And they are the questions I’ve been asking myself as I prepare for a talk before the Association of American Physicians and Surgeons (AAPS).
In short, in the words of Edward Deming (1900-1993), American statistician and quality control guru, “In God we trust, all others use data.”
“Nurse practitioners, general practitioners, and even patients can do things in less-expensive, decentralized settings that could once be performed only by expensive specialists in centralized, inconvenient locations. If the natural process of disruption is allowed to proceed, the result will be higher quality, lower cost, more convenient health care for everyone.”
and a high percent of quality goals met. He built his unorthodox practiceon these four basic principles:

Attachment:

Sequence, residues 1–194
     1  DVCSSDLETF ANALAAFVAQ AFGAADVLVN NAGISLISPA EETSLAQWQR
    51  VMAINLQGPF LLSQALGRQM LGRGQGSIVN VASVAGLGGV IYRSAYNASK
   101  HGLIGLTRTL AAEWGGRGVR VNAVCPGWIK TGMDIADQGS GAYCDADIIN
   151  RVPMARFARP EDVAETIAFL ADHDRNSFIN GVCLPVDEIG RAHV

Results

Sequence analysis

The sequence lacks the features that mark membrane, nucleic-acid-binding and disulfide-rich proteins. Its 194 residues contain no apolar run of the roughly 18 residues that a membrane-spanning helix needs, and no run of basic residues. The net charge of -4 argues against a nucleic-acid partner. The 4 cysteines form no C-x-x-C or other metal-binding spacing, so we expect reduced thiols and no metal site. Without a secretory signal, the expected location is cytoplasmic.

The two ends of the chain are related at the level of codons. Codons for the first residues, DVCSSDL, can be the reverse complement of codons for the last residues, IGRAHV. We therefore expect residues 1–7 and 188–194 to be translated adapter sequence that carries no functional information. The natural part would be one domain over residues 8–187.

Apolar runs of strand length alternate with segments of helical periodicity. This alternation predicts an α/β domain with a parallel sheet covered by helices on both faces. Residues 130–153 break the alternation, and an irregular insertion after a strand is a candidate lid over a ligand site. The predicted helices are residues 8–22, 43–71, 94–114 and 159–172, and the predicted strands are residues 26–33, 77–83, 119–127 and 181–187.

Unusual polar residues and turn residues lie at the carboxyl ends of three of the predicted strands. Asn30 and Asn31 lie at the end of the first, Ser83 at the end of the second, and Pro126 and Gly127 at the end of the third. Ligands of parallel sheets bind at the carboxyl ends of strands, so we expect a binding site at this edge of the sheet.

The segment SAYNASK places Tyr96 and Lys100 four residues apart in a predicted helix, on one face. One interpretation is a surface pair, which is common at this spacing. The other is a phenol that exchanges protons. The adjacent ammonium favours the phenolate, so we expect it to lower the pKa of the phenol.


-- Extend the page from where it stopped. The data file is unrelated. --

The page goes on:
1) Access. Patients have unlimited access to the care
and information they need when they need it.
2) Interaction. Interaction between the patient and care team is deep and personal.
3) Reliability. The system exhibits high reliability in that it provides all and only the care known to be effective.
4) Vitality. The practice has vitality: happy employees, a spirit of innovation, and financial viability.
Along the way as he practiced these principles, he developed and articulated these philosophical axioms.
“Interaction is not the price we pay to submit a claim.It is the essence of what we do.”